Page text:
Commuter towns becoming main place of work for many people

Commuter towns becoming main place of work for many people

over the past two years workers have significantly increased their use of office workspaces in rural, suburban and commuter townsNew office footfall data from IWG taken from more than 400 locations across the UK, suggests that over the past two years workers have significantly increased their use of office workspaces in rural, suburban and commuter towns, choosing to forgo lengthy daily commutes and work closer to home. More →

Most US firms are yet to match their culture to the demands of flexible working

Most US firms are yet to match their culture to the demands of flexible working

most employers have not adapted their working culture and practices  to support the shift to flexible workingA survey of 900 leaders in HR, real estate, IT, and product roles at US based firms suggests that most employers have not adapted their working culture and practices  to support the shift to flexible working. In addition, according to The 2024 Workplace Flexibility Trends Report from TechSmith Corporation in partnership with workplace research firm Global Workplace Analytics and Caryatid Workplace Consultancy three quarters of workers have yet to receive any training for the rise of flexible working arrangements. More →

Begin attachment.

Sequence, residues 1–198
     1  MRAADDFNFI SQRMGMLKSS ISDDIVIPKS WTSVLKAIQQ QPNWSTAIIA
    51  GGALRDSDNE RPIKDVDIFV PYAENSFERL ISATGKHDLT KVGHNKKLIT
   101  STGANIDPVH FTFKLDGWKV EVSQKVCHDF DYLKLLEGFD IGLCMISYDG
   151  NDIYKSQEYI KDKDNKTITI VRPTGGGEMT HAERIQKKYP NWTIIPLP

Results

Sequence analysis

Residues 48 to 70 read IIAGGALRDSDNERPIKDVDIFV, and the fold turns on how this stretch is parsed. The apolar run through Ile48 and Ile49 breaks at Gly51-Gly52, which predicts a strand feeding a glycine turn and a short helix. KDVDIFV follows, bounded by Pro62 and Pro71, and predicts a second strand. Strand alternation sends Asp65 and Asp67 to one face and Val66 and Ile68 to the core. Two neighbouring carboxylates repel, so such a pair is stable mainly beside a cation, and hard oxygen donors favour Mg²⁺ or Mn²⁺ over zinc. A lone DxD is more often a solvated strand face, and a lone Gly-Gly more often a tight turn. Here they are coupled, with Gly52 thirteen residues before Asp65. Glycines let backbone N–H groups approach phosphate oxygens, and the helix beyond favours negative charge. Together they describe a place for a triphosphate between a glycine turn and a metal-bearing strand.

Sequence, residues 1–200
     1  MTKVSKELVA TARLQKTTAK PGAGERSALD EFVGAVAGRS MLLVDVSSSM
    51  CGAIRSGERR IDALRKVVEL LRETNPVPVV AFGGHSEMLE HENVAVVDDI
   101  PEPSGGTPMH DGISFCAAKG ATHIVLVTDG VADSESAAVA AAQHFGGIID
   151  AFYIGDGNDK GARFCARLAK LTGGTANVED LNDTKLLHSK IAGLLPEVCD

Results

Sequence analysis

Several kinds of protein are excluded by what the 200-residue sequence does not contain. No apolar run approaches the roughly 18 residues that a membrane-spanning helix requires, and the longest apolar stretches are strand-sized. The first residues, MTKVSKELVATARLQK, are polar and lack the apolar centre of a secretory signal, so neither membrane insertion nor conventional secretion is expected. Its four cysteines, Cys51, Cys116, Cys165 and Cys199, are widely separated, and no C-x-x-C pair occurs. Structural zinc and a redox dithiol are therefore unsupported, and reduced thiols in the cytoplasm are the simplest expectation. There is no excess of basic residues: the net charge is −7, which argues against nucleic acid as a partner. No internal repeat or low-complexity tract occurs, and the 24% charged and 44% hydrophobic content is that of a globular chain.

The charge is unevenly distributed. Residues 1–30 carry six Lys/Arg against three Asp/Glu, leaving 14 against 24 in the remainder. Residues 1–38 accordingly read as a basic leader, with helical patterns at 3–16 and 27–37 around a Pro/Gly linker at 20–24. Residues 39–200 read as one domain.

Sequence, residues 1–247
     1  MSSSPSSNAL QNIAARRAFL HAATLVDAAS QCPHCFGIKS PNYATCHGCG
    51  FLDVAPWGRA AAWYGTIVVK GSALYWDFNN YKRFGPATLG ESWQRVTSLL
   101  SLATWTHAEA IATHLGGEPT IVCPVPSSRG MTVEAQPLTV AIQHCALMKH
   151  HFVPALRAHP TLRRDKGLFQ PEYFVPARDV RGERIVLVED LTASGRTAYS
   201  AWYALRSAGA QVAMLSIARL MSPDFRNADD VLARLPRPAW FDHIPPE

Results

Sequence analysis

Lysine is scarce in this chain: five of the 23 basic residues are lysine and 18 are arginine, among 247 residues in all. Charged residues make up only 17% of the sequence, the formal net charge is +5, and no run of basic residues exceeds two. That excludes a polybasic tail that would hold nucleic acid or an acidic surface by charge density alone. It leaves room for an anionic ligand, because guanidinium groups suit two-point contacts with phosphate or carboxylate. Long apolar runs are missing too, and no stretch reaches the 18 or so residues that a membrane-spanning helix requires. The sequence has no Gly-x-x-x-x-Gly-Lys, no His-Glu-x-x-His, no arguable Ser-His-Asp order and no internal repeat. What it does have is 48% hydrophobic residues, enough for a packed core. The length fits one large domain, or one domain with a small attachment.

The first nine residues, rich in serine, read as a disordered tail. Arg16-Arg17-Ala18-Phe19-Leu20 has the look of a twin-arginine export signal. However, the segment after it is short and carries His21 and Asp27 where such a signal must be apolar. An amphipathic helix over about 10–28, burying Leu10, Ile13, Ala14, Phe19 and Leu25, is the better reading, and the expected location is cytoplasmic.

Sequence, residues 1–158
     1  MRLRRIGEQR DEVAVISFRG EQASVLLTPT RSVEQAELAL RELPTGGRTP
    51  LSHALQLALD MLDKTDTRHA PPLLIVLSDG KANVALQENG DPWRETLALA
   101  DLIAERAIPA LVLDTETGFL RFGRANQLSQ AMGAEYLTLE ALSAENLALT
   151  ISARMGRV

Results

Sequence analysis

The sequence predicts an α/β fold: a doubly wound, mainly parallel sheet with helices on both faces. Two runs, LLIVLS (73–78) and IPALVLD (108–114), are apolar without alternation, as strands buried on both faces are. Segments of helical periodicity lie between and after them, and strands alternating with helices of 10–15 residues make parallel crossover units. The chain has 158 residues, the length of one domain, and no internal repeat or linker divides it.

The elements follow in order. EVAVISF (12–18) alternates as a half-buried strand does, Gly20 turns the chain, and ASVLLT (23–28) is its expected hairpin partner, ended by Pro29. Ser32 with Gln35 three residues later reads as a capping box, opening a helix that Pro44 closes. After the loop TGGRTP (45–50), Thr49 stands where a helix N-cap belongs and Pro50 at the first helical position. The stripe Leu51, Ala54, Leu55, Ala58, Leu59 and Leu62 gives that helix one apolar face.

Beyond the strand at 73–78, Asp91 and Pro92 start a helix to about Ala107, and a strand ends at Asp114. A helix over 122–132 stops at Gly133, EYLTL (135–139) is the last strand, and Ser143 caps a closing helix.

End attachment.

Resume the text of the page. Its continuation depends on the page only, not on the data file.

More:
A lot of people are not motivated by motivational phrases

A lot of people are not motivated by motivational phrases

A new survey of around 2,000 people commissioned by Preply suggests that 46 percent of workers are not motivated by motivational phrasesA new survey of around 2,000 people commissioned by Preply suggests that 46 percent of workers are not motivated by motivational phrases in the workplace with 53 percent of those surveyed saying they would never use a motivational quote in their everyday lives.  According to those surveyed, almost half of those would not be motivated by a motivational phrase with “Do the impossible” being the least motivating (57 percent). This is followed by “The sky’s the limit” and “Keep calm and carry on” both with 54 percent stating they wouldn’t be motivated by these phrases. More →